The primary microenvironment for ovarian cancer cells is the mesothelial cell. These cells cover the peritoneum, the small and large bowel serosa and the omentum. They form a low-friction, nonadhesive surface and selective barrier, which regulates the transport of fluid and solutes between the circulation, the interstitial space and the body cavities.5 Binding of ovarian cancer cells to mesothelial cells are mediated, at least in part, by integrins and by CD44, a cell surface receptor for hyaluronic acid.6, 7, 8, 9 Mesothelial cells secrete soluble fibronectin, which may play a role in invasion of ovarian cancer cell lines.9, 10 At the level of the peritoneum, the mesothelial cell layer is attached to a basement membrane (BM) predominantly composed of collagen types I and IV, fibronectin and laminin.11 Primary ovarian cancer cells adhere preferentially to type I collagen, a process that can be blocked with an α2β1-integrin antibody that inhibits the interaction with collagen.12
While recent studies examine interactions between ovarian cancer cells, the ECM and mesothelial cells have been informative, they have a number of limitations. Most studies have been done with two-dimensional monolayer cultures composed only of ECM or mesothelial cells. Because it has been assumed that all mesothelial cells are the same, the cells used have either been immortalized (e.g. LP-9) or isolated from malignant ascites.7, 8, 10, 13 However, it has been determined that there are differences in the expression of mesothelial specific markers depending on the origin of the cells.14 Current studies also do not address the role of fibroblasts in the adhesion and invasion of ovarian cancer cells. In addition, most published studies have only investigated metastasis of ovarian cancer cells to the abdominal peritoneum, and inferred from these observations that the mechanisms involved in metastasis to the omentum are similar. However, ovarian cancer metastasis to the omentum is more common (80% for serous papillary ovarian cancers15) than to any other site and, as yet, we do not understand why ovarian cancer cells have a clear predilection for the omentum.
We reasoned that a three-dimensional (3D) cell culture model, which would emulate a more physiologically relevant microenvironment, would be a useful tool for understanding the adhesion and invasion of ovarian cancer cells to the omentum. We have developed a model that incorporates ECM, primary human mesothelial cells and primary human omental fibroblasts to study the role of both the stromal cells and ECM in the metastatic process. We report our findings that human mesothelial cells inhibit, while human fibroblasts enhance, the adhesion and invasion of ovarian cancer cells to the omentum. We believe that our 3D model will complement current animal and cell culture models used for the study of ovarian cancer, and has the potential to enhance our overall understanding of the very early steps of ovarian cancer metastasis.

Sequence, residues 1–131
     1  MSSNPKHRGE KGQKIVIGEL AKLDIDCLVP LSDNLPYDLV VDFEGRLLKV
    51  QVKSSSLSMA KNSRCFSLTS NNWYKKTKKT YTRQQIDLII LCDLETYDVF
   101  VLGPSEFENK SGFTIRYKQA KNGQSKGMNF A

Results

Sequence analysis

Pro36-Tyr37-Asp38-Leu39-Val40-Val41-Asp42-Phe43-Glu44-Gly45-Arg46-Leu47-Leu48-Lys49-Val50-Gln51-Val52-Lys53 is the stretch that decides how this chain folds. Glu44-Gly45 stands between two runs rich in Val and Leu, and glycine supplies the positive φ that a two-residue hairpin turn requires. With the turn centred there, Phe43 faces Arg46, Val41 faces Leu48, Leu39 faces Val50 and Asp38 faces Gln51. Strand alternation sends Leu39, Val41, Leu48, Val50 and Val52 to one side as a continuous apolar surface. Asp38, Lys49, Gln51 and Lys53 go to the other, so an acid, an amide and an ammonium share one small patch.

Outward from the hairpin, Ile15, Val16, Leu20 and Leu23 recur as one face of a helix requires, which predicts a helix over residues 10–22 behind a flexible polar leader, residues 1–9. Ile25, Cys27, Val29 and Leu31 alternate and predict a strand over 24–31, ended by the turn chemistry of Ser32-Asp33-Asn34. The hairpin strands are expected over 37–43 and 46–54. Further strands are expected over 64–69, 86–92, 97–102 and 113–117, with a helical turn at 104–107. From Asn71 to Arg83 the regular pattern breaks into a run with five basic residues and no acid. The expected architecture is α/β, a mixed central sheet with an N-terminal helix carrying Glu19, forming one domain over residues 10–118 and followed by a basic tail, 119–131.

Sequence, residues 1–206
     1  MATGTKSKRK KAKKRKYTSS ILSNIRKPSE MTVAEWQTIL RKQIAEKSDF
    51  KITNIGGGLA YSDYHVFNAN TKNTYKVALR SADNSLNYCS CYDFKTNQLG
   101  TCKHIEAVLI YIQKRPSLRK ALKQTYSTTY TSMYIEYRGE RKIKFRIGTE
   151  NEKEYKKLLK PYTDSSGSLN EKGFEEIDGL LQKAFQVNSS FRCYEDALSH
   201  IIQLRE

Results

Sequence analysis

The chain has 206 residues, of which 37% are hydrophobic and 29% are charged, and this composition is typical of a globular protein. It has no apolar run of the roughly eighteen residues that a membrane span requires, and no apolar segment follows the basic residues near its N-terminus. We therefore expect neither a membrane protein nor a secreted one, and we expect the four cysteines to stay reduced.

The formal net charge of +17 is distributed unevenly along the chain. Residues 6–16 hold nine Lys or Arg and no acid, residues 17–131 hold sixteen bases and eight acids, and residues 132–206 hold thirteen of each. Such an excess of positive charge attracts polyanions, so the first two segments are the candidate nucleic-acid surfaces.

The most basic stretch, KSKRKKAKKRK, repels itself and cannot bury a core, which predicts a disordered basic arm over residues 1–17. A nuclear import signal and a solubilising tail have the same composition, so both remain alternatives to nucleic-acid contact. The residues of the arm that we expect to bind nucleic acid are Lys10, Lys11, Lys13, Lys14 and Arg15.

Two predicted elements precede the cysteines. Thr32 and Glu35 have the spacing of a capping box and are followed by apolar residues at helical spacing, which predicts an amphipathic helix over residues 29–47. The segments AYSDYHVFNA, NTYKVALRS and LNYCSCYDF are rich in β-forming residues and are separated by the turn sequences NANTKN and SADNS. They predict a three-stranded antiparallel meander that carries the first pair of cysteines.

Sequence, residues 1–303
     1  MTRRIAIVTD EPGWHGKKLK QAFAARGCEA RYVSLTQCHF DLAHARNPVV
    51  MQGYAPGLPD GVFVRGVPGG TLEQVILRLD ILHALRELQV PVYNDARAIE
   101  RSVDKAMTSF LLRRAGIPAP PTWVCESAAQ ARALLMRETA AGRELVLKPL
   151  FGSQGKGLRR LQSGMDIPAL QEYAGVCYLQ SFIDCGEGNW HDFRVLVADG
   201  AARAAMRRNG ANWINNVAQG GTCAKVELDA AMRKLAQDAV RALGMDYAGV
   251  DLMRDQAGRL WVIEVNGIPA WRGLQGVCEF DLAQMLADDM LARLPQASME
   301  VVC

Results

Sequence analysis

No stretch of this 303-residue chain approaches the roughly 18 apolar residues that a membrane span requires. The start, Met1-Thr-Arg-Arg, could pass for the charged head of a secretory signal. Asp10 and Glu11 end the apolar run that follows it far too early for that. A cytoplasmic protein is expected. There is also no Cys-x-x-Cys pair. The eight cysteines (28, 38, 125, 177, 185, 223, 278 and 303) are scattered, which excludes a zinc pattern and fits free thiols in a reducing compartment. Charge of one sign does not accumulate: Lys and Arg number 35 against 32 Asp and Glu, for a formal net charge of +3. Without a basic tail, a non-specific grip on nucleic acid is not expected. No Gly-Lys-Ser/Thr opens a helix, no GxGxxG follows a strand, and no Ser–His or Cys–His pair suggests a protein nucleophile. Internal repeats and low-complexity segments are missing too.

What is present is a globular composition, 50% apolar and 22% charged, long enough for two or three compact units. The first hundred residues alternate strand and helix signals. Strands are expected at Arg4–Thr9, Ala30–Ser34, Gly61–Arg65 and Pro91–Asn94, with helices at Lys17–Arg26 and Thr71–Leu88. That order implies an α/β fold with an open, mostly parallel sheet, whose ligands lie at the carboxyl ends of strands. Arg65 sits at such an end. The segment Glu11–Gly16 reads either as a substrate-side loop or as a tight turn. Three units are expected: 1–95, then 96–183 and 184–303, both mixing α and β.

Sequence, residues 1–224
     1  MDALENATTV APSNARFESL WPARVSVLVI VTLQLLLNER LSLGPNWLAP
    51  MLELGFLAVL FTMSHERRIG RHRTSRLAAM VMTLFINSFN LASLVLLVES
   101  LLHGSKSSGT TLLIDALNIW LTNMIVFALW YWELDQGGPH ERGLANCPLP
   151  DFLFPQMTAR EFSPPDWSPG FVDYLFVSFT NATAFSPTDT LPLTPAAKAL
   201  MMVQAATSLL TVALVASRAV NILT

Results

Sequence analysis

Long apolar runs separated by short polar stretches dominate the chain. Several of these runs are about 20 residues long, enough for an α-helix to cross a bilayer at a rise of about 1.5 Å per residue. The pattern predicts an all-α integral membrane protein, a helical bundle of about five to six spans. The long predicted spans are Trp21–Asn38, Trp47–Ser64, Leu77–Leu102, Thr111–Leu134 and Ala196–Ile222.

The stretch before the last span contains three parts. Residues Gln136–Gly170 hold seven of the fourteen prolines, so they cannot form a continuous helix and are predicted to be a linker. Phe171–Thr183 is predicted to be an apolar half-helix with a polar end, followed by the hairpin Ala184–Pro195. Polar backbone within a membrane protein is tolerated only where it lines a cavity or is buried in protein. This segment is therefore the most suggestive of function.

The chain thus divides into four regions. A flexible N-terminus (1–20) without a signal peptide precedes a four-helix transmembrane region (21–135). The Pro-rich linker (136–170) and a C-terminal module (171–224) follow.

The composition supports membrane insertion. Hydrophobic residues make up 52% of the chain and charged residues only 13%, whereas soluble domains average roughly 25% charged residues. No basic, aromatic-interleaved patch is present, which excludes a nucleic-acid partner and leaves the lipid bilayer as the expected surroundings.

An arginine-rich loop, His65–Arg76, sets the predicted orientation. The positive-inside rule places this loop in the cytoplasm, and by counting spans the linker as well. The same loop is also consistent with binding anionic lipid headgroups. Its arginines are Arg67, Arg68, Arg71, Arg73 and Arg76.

Materials and methods
Collagen I (rat tail), matrigel, vitronectin, fibronectin and laminin 1 were purchased from BD Biosciences (Franklin Lakes, NJ). Laminin 10 and 11 was from Millipore (Billerica, MA). Vimentin, prolyl-hydroxylase and CA-125 antibodies were purchased from Dako Cytomation (Carpinteria, CA). CAM 5.2 antibody against cytokeratin 8 was from Becton Dickinson (Mountain View, CA). The fibronectin antibody was purchased from Sigma-Aldrich (St. Louis, MO), and the α6-integrin (clone NKI-GoH3) antibody was from Chemicon (Temecula, CA). The antibodies against GM130 (clone 35) and β-catenin (#14) were purchased from BD Biosciences Pharmingen (San Jose, CA). The human ovarian cancer cell lines, HeyA8 and SKOV3ip.1, were provided by Dr. Gordon B. Mills (M.D. Anderson Cancer Center, Houston, TX). These cell lines were chosen because they reflect the 2 growth patterns of ovarian cancer: growth as a few solid tumors (HeyA8) and disseminated growth with miliary disease (SKOV3ip.1). The IOSE 29, immortalized ovarian epithelial cell line was provided by Dr. Nelly Auersperg (University of British Columbia, Vancouver, Canada).
Isolation and culture of primary human mesothelial, fibroblast and ovarian cancer cells